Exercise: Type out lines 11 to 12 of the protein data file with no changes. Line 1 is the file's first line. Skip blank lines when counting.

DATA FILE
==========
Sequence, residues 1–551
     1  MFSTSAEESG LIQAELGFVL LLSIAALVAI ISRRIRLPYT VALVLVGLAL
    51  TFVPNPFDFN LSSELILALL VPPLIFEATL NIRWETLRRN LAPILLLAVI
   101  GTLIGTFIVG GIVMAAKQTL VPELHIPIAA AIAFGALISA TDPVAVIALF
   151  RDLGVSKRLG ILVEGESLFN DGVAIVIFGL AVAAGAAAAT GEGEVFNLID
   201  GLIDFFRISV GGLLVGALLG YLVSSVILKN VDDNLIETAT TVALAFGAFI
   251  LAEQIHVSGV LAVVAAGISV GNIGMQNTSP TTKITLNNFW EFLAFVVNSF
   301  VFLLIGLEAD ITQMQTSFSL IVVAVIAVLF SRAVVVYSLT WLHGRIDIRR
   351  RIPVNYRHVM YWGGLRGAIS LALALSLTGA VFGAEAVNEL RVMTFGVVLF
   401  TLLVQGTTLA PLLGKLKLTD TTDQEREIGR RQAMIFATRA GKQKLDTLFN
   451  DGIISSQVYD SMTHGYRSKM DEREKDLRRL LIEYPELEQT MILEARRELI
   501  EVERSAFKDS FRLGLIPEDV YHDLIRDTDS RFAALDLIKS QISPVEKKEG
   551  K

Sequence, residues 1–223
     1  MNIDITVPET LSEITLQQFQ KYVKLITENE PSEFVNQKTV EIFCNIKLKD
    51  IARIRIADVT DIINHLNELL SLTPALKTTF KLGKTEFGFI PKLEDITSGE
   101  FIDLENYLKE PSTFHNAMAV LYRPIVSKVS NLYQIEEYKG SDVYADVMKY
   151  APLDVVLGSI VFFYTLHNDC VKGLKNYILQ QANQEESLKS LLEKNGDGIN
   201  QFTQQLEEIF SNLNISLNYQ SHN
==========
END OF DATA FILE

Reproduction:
   451  DGIISSQVYD SMTHGYRSKM DEREKDLRRL LIEYPELEQT MILEARRELI
   501  EVERSAFKDS FRLGLIPEDV YHDLIRDTDS RFAALDLIKS QISPVEKKEG